2017

BACK TO BASICS

Breaking It Down

Dissecting the problem-solving A3 report

by Alberto Ayulo

This article was featured in January 2016’s Best Of Back to Basics edition.

A3 thinking is based on the plan-do-check-act cycle. This powerful way of thinking is transcribed on a piece of paper (the A3 report) a team of employees can use to produce a desired outcome for a proposed process. The A3 report is displayed on ledger-sized paper (11 x 17 inches) and is broken into different sections, each clearly labeled and arranged in a logical flow.

The A3 report can be used for problem solving, but there also are two other ways of using it: a proposal A3 report and a storyboard A3 report. Each report has a slightly different focus, and the experience level of those facilitating the initiative may vary, but the foundation behind each A3 will not change.

Figure 1

Online Figure 1

Blocks to success

Similar to the define, measure, analyze, improve and control method, the problem-solving A3 has a specified path the user must follow from beginning to end. Online Figure 1 shows a completed problem-solving A3 in its entirety using the major phase inspection process for a U-2 aircraft as an example. The process is comprised of eight blocks, the first of which is illustrated in Figure 1. Remember there are an infinite number of tools you can use throughout this process to populate each block:

1. Clarify and validate the problem. The team typically starts with a perceived problem and uses data (quantitative, if possible) to validate whether it is, in fact, a problem. The completed first block is populated with a problem statement and data to validate it (Figure 1).

2. Break down the problem and identify performance gaps. Next, the team begins to dissect the problem statement from Block 1 and determines the area of focus. This is done using targeted data to find specific focus areas that break down the larger problem into bite-sized pieces. The completed second block is populated with data determining a focus area.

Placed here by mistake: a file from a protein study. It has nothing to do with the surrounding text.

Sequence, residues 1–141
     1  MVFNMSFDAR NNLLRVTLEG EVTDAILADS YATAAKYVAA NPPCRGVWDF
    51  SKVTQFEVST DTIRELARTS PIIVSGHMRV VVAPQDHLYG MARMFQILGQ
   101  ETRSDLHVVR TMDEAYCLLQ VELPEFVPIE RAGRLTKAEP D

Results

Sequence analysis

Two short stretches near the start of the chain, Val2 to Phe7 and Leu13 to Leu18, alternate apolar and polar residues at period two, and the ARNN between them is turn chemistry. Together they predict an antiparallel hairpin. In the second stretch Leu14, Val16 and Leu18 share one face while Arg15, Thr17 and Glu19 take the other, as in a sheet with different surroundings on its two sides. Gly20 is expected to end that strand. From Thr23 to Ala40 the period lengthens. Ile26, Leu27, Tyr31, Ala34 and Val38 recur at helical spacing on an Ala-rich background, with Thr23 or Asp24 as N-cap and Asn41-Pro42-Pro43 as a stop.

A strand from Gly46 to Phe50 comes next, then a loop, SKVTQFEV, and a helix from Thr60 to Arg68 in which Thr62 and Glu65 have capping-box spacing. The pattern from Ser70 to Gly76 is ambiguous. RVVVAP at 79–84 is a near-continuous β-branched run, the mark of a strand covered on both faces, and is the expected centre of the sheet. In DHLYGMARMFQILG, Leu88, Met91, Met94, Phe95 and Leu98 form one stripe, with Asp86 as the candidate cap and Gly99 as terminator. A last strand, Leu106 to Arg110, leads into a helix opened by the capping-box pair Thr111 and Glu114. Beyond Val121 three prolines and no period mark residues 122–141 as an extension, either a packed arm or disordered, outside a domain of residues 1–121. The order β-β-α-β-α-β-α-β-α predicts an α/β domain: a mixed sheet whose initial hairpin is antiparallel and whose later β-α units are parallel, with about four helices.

3. Set an improvement target. The team determines what success will look like. The improvement target, or goal, must be relative to the problem statement in Block 1. The completed third block is populated with an improvement target.

4. Determine root causes. Using the focus areas from Block 2, the team determines the root causes. The completed fourth block is populated using root cause analysis tools and highlights the determined root cause.

5. Develop countermeasures. The team takes the root cause from Block 4 and assigns specific countermeasures. The countermeasures should only specifically address the root cause and, in theory, should solve the problem identified in Block 1. The completed fifth block is populated with any tool that will outline the countermeasures.

6. See countermeasures through. The team tracks the countermeasures from Block 5 and ensures each one is accomplished. The completed sixth block is populated with the tool used in Block 5 to outline the countermeasures and updated as each is accomplished.

7. Confirm results and process. Depending on the course of action, the team begins to track the results as countermeasures are accomplished. After all are completed, the team will use the data from Block 1 to determine if the countermeasures from Block 5 are improving the process. The completed seventh block is populated with continued data from Block 1.

8. Standardize successful processes. The team will standardize process only after confirming successful results validated in Block 7. The completed eighth block is populated with tasks that were implemented to standardize process.

As with any other framework, repeated use of the A3 report is the fastest formula to success, as each experience brings a different outlook and a better understanding.


Alberto Ayulo is the regional continuous improvement manager for the West Region of Johnson Controls in Tempe, AZ. He has a master’s degree in HR management from Webster University in St. Louis. Ayulo is an ASQ-certified lean Six Sigma Black Belt and Project Management Institute-certified project management professional.



for improvement projects
--Nisha, 12-21-2016


It's useful, but it's less some logic in block 4, it is brainstorming, so, it's less the data supported.
--PAUL1 LIU, 04-13-2016



--Federico León, 02-02-2016


Very good!
--Federico León, 02-02-2016



--Arvind Tripathi, 12-12-2015


use ful
--elthanhanh, 06-20-2015



--Nagla Toma, 02-05-2015

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